As is also known, the receiver of a transceiver is also coupled to the antenna and includes a low noise amplifier, one or more intermediate frequency stages, a filtering stage, and a data recovery stage. The low noise amplifier receives an inbound RF signal via the antenna and amplifies it. The one or more intermediate frequency stages mix the amplified RF signal with the signal generated by one or more local oscillators to convert the amplified RF signal into a baseband signal or an intermediate frequency (IF) signal. This is typically referred to as frequency down-conversion. The filtering stage filters the down-converted baseband or IF signal to attenuate unwanted out of band signals to produce a filtered signal that is only that which falls within the bandwidth of the selected channel. Thus, this filter is sometimes referred to as a channel select filter. The data recovery stage recovers raw data from the filtered signal in accordance with the particular wireless communication standard.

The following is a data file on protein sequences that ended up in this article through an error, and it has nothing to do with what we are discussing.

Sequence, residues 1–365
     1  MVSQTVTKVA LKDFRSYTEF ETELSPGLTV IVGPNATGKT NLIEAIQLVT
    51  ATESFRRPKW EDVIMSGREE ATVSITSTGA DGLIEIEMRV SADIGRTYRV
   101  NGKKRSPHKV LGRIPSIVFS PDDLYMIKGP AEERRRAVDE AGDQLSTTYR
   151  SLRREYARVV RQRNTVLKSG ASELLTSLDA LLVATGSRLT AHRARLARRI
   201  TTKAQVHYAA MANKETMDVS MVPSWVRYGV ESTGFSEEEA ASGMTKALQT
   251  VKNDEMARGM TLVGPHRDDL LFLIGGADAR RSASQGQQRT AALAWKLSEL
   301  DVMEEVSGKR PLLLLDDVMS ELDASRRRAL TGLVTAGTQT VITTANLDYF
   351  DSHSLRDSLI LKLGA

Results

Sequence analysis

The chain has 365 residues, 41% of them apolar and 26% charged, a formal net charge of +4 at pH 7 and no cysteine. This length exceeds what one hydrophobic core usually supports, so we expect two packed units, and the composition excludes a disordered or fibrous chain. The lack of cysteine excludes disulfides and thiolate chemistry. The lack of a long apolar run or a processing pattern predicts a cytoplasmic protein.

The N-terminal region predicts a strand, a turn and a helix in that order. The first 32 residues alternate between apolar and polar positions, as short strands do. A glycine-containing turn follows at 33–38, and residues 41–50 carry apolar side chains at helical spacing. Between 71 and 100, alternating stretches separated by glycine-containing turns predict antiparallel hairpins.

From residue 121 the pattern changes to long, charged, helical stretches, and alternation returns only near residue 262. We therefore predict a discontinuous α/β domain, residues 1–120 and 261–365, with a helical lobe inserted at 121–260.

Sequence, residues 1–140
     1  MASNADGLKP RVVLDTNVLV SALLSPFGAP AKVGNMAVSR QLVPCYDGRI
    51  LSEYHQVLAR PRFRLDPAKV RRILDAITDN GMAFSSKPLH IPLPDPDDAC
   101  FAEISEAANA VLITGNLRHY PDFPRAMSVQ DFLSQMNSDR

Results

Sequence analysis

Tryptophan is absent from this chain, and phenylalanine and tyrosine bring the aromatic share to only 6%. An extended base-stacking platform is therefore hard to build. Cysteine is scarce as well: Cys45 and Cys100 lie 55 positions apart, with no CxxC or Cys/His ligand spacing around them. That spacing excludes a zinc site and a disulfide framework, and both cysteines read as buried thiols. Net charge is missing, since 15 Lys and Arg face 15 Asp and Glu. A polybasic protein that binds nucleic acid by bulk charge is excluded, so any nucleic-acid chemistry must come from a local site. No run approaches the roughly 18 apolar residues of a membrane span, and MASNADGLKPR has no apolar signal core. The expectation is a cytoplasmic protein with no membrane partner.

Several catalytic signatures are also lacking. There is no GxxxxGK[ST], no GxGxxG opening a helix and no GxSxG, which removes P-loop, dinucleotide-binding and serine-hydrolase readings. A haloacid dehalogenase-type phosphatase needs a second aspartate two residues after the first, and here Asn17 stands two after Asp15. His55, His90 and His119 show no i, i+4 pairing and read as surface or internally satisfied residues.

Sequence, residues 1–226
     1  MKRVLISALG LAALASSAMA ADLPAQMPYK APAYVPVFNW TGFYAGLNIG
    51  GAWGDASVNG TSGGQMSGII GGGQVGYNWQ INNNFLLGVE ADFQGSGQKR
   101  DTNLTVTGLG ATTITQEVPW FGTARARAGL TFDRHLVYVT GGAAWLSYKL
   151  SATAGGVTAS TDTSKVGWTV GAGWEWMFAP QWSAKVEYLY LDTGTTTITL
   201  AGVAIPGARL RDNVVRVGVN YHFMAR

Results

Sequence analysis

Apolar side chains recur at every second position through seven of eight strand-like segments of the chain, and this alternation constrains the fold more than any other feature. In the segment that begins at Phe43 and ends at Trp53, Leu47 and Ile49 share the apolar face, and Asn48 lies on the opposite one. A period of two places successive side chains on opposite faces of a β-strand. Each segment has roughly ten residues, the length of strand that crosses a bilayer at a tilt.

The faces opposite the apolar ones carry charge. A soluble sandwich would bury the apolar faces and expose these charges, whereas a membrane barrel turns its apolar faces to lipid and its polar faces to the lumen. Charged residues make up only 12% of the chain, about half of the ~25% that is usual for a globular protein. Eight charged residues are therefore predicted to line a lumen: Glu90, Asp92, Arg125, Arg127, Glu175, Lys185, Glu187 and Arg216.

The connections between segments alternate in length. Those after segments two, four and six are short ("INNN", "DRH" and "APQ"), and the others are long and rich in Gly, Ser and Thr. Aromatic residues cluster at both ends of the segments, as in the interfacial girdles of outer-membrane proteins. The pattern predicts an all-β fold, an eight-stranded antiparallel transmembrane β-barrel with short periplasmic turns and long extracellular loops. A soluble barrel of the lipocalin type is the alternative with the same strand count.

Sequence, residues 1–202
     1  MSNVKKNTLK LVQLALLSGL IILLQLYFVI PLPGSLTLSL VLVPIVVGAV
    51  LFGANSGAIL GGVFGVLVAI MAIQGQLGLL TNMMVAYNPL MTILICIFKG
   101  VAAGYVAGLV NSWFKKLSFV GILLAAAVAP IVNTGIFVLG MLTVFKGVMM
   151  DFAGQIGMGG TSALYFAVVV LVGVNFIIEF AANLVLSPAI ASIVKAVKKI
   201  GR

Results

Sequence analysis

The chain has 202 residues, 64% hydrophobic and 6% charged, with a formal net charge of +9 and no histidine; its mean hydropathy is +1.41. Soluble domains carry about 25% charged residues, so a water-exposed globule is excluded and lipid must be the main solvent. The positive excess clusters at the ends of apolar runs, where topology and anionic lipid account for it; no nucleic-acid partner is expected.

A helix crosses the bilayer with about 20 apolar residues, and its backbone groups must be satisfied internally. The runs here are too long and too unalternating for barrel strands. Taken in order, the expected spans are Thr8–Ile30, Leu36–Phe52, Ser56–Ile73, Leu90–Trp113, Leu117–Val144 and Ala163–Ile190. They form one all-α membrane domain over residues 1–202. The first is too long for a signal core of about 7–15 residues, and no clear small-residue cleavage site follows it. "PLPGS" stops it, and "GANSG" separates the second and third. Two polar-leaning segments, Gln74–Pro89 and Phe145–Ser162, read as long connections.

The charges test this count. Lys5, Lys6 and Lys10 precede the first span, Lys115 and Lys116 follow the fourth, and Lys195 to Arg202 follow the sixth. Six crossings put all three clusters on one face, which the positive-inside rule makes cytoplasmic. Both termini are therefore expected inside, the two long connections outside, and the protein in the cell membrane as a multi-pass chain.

As mentioned above, RF signals received by a wireless network transceiver are typically down-converted to intermediate or base-band frequencies by the transceiver before the carrier signals in the channel are processed and ultimately demodulated to extract the transmitted information. Down-conversion requires that the received RF signal be mixed with an oscillator signal having the desired intermediate or base-band frequency to which the received signal is to be down-converted.
The mixing process inherently generates a number of signal components in addition to the converted information signals. These include mirror image or sideband components, as well as distortion and intermodulation components, all of which can interfere with the processing of the received signals within the selected channel. Thus, it is important that the band-pass filter reject the interference components as well as those information signals transmitted in channels other than the selected channel. The degree of attenuation that must be achieved by the filter at frequencies outside the bandwidth of the selected channel is specified by the network designer.